2017 MV Agusta Brutale 800 road test review

Abhay Verma Updated: October 06, 2017, 03:10 PM IST

The Brutale 800 impressed us when we took it for a short spin in the hills of Varese, Italy with its high levels of refinement, performance and handling. The bike has finally been launched at Rs 15.59 lakh ex-showroom, which is eye-wateringly expensive when compared to every other middleweight naked on sale in the country. MV Agusta though has always been more premium as compared to other motorcycle brands, thanks to its exotic value and high levels of precision. Is the new Brutale convincing and emotive enough to justify the price tag though? A thorough road test helped us assess the bike.

Design and engineering

I've no doubts in saying the Brutale 800 is one of the best looking motorcycles in its segment. The basic silhouette is a nod to the original Brutale that set the ball rolling for sport nakeds nearly a decade and half back, but there's a sense of modernness to the design that makes for a head-turning appearance. The oval headlight with its LED DRLs, the little instrument cluster and wide fuel tank are all very appealing to look at. Clearly, MV's tradition of making some of the most gorgeous motorcycles on the planet continues with the Brutale 800.

What's even more striking than the design though is the bike's compactness. In the flesh, the Brutale 800 doesn't appear much larger than say, a KTM 390 Duke! That's some achievement in my books, and I even like how the motorcycle is packaged very tightly, making it look extremely compact for an 800cc sport naked. The trellis frame finished in red, the rear sub frame with its hole under the rider's seat, the tall rear end and single-sided swingarm all make for a very distinctive appearance.

What takes the cake though is the rear number plate hanger. It's intricate design and the precision with which it has routed 'through' the rear wheel is truly unique. In terms of design and engineering, there's few brands that can match up to the precision and beauty of an MV Agusta, and the Brutale 800 is another example of the same. Fit-finish and paint levels are top notch and my only disappointment were the tacky-feeling switches for the electronics, positioned on the left handlebar. The switches are identical to older MVs and aren't the easiest to use in terms of changing TC/ABS levels.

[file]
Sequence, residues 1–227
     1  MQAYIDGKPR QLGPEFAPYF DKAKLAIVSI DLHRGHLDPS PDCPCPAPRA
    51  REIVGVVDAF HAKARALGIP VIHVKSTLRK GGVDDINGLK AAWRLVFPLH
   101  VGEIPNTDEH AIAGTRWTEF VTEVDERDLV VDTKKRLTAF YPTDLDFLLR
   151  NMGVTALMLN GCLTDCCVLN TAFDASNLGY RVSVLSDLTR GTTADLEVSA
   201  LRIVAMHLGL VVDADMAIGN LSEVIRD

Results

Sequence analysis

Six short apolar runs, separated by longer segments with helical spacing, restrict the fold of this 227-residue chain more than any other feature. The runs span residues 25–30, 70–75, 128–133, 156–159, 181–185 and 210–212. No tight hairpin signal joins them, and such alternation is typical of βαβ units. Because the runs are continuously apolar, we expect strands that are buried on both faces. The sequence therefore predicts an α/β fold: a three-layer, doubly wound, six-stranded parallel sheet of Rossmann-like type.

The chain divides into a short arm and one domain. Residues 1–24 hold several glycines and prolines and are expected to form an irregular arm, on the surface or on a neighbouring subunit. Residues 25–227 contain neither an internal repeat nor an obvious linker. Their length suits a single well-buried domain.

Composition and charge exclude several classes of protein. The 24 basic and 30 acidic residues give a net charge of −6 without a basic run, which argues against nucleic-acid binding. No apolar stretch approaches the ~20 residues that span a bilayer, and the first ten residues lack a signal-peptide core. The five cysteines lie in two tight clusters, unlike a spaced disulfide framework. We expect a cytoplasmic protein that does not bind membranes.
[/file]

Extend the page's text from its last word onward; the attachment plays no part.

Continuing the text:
In terms of electronics the Brutale 800 gets four riding modes including Sport, Normal, Custom and Rain. It also gets 8 traction control levels, 3 ABS levels and a bi-directional quick shifter. The quick shifter is a boon, and is something most middleweight nakeds do not get.

Engine, performance and efficiency

The Brutale 800's 798cc, liquid-cooled, inline triple cylinder engine makes for some seriously explosive performance. It produces 110PS and 83Nm of torque, in the same ballpark as most middleweight nakeds, but it is the power delivery that makes the Brutale 800 the stonker of a motorcycle it is. 80 percent of the torque is available from as low as 4000rpm which calls for careful throttle openings from standstill and low speeds. The front wheel is particularly keen on breaking contact with tarmac in first gear which called for caution when opening the throttle every time I had to roll off in traffic.

Power wheelies in first gear called for zero effort and merely cracking the throttle open wide had the front wheel pawing in the air. The 0-100kmph time of 3.9 seconds in our VBOX test is proof of how explosive the performance is. In fact, every time I launched the bike for a full-bore acceleration run the front end felt light from the moment I released the clutch till the moment I shifted up to second gear. 160kmph was dispatched in just 8 seconds. Keep the throttle pinned and the Brutale 800 will hit 200kmph in fourth gear, just before you need to shift up to fifth. This kind of performance is unheard of in the middleweight naked space as most other motorcycles in the segment put their power down in a far friendlier manner.

The sense of urgency with which the Brutale's engine piles on revs and lets the motorcycle acclerate is sure to leave a lot of riders stunned, and I can confirm the Brutale 800 isn't for the average motorcyclist.